Another sole sector representative is River & Mercantile UK Micro Cap Investment (LON:RMMC) with a gain of 22.7%. The £101m fund invests in small cap UK stocks with a free float market valuation of less than £100m at the time of purchase. This is an area that is often under-researched and offers a lot of potential. RMMC had a concentrated portfolio of 45 holdings at the end of September and is one of the Winterflood investment trust team’s picks for 2017.

The more unusual funds amongst the top 15 include The Tiso Blackstar Group (LON:TBGR), which invests mainly in southern Africa; Macau Property Opportunities (LON:MPO), with its portfolio of properties in the Special Administrative Region of Macau on the south coast of China; and the Kubera Cross-Border fund (LON:KUBC) that makes private equity investments in cross-border companies that primarily operate in the US-India corridor.

Bargain basement

Inevitably there were also a few investment trusts that lost value over the period and that might represent a buying opportunity. I have already written about a couple of them – Lindsell Train (LON:LTI) and CATco Reinsurance Opportunities (LON:CATC) − in the last two weeks.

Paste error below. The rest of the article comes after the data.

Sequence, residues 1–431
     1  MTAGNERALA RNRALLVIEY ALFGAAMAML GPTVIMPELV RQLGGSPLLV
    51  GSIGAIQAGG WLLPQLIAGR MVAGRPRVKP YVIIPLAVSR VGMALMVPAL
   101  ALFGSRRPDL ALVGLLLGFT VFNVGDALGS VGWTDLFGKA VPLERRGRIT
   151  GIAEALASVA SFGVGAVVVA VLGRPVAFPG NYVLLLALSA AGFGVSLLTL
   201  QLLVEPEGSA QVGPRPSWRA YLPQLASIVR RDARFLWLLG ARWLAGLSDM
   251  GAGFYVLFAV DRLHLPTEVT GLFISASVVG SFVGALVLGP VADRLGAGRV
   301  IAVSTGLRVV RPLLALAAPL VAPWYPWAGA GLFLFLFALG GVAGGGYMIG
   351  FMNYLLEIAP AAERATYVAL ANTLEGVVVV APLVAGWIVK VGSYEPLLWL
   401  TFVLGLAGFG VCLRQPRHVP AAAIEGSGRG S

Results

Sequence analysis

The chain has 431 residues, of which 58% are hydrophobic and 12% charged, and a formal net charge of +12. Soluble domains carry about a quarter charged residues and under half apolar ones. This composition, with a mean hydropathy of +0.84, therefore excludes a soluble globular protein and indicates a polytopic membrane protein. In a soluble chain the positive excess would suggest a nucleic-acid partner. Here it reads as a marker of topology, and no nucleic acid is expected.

The biggest loser with a fall of 24.7% over the period was Trinity Capital (LON:TRC), which was created in 2006 to invest in property and property-related entities across India, with a particular focus on the office, retail, hospitality and residential sectors. In 2009 it decided to sell all the assets and return the capital to investors, but progress has been slow and it is now a penny share.

Another major casualty, also currently undergoing a significant change, was LMS Capital (LON:LMS), whose shares were down 18.7% year-to-date. The fund is transitioning to an external manager and changing its mandate to focus on direct private equity investment in small UK, European and US companies. The shares have moved onto a discount to NAV of 35%.

One fund that is not affected by these sorts of issues is Menhaden Capital (LON:MHN), which invests in businesses that are delivering or benefiting from the efficient use of energy and resources. It has total net assets of £69.7m and provides exposure to a 25-stock portfolio of public and private companies from around the world.

MHN was launched in July 2015 but the performance has been poor with the result that the discount has widened to 30%. The main problem in January was that one of their largest holdings, Terraform Power, received a disappointing offer from its largest shareholder to buy the rest of the company. This contributed to a fall in the share price of 8.1% over the period.

Another out-of-favour fund is the NewRiver REIT (NRR), which has lost 6.2% of its value year-to-date. NRR invests in convenience-led shopping centres, as well as other retail and leisure assets in the UK. The £770m fund aims to generate sustainable income returns and has successfully been increasing its dividend with the latest quarterly pay-out being 5 pence per share. It is now yielding 5.6%, although the shares trade at a significant premium to the latest available NAV of 290p as announced at the end of September.